The Information Commissioner's Office (ICO) has fined British Airways £20 million for failing to protect the personal and financial details of more than 400,000 customers and staff.
An investigation carried out by the ICO in 2018 found that the airline was processing large amounts of personal data without adequate security measures in place. This resulted in the airline falling victim to a cyberattack that went undiscovered for two months. The investigation uncovered multiple weaknesses in the companies IT systems and detailed how these issues could have been resolved which would have prevented the cyber attack in 2018.
The hackers gained the personal information of approximately 429,000 customers and staff members including names, addresses, payment card numbers and CVV numbers. They were also able to access the username and passwords of British Airway employee and admin accounts along with the PINs of up to 600 British Airway Executive Club accounts.
There were numerous measures British Airways could have used to mitigate or prevent the attackers from being able to access the BA network including:
- Limiting access to applications, data and tools that users wouldn't need to fulfil their role.
- Performing rigorous testing in the form of a simulated cyberattack on the business systems to test for weaknesses (Click for more on Penetration testing).
- Using multi-factor authentication to protect user and third party accounts.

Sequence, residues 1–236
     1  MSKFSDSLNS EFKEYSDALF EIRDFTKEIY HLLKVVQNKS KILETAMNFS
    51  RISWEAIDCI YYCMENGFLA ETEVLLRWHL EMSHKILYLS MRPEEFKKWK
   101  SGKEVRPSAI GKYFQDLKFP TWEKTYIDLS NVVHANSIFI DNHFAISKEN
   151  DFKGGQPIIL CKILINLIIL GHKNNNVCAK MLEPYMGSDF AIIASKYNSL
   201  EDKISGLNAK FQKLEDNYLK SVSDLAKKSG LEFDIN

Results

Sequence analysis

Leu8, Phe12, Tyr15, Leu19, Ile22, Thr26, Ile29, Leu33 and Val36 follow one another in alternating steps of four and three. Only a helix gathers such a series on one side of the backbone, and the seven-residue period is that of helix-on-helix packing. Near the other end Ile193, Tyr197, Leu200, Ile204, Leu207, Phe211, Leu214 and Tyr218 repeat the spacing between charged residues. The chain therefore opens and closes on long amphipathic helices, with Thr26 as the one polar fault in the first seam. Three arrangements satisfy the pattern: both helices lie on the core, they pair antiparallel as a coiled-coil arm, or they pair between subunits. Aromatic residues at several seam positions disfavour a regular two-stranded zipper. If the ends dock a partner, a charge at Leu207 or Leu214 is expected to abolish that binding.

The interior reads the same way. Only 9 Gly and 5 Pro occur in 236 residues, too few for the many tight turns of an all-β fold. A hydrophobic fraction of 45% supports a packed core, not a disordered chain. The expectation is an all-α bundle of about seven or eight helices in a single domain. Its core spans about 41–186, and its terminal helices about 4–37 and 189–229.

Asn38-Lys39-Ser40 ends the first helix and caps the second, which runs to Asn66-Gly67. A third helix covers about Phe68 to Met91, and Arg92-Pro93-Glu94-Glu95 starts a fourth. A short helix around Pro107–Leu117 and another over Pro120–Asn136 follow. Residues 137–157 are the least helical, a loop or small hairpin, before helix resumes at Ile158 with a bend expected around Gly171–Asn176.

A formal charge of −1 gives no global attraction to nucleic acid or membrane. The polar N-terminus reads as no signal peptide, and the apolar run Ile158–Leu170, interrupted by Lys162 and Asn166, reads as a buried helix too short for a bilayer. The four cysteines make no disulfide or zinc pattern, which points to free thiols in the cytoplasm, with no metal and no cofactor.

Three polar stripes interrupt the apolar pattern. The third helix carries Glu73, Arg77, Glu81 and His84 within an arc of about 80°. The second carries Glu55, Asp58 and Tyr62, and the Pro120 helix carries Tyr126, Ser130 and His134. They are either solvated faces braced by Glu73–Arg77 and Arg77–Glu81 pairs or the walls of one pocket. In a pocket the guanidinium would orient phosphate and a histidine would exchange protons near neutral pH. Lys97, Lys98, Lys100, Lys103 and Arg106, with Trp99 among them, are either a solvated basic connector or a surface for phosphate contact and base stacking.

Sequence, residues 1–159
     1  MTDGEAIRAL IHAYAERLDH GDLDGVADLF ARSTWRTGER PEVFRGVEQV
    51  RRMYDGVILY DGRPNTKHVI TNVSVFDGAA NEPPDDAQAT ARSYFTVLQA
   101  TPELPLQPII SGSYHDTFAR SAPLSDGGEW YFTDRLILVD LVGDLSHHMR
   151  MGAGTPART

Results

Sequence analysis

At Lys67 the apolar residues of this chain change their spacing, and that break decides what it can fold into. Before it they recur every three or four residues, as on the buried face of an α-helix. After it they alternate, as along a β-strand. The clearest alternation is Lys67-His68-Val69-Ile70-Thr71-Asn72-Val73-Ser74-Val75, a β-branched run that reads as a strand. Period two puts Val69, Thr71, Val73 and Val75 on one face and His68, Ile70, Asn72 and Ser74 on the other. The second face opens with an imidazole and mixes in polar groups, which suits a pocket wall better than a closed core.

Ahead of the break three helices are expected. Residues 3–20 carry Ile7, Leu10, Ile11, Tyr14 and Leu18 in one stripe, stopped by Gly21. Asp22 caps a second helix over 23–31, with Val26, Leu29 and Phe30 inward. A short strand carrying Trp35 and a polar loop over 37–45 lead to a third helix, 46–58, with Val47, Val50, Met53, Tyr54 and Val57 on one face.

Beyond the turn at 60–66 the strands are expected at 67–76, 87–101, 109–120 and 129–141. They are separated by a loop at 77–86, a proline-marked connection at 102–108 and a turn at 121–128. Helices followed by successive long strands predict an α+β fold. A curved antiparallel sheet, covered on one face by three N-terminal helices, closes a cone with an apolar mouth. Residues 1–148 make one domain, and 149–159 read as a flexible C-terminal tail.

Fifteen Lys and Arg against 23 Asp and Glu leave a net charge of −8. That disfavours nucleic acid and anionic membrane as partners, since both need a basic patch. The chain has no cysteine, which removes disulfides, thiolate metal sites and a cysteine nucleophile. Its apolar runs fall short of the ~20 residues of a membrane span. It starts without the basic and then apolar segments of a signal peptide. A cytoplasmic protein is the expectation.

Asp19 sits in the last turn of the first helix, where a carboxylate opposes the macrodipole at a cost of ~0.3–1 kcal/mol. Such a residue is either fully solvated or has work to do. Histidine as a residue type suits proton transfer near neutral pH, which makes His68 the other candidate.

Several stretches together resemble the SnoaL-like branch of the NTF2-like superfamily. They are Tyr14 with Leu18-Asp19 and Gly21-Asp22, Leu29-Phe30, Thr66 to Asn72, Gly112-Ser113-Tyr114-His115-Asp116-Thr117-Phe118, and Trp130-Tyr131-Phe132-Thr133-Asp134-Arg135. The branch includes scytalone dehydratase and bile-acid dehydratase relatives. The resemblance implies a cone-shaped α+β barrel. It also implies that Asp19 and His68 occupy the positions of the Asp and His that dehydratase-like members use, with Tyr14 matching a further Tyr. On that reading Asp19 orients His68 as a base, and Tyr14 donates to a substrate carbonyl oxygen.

There were additional measures the airline could have taken to prevent this attack, find more details in the listed penalty notice.
Information Commissioner Elizabeth Denham said: “People entrusted their personal details to BA and BA failed to take adequate measures to keep those details secure. Their failure to act was unacceptable and affected hundreds of thousands of people, which may have caused some anxiety and distress as a result. That’s why we have issued BA with a £20m fine – our biggest to date. When organisations make poor decisions around people’s personal data, that can have a real impact on people’s lives. The law now gives us the tools to encourage businesses to make better decisions about data, including investing in up-to-date security.”
Because the BA breach happened in June 2018, before the UK left the EU, the ICO investigated on behalf of all EU authorities as lead supervisory authority under the GDPR. The penalty and action have been approved by the other EU DPAs through the GDPR’s cooperation process.
In June 2019 the ICO issued BA with a notice of intent to fine. As part of the regulatory process the ICO considered both representations from BA and the economic impact of COVID-19 on their business before setting a final penalty.
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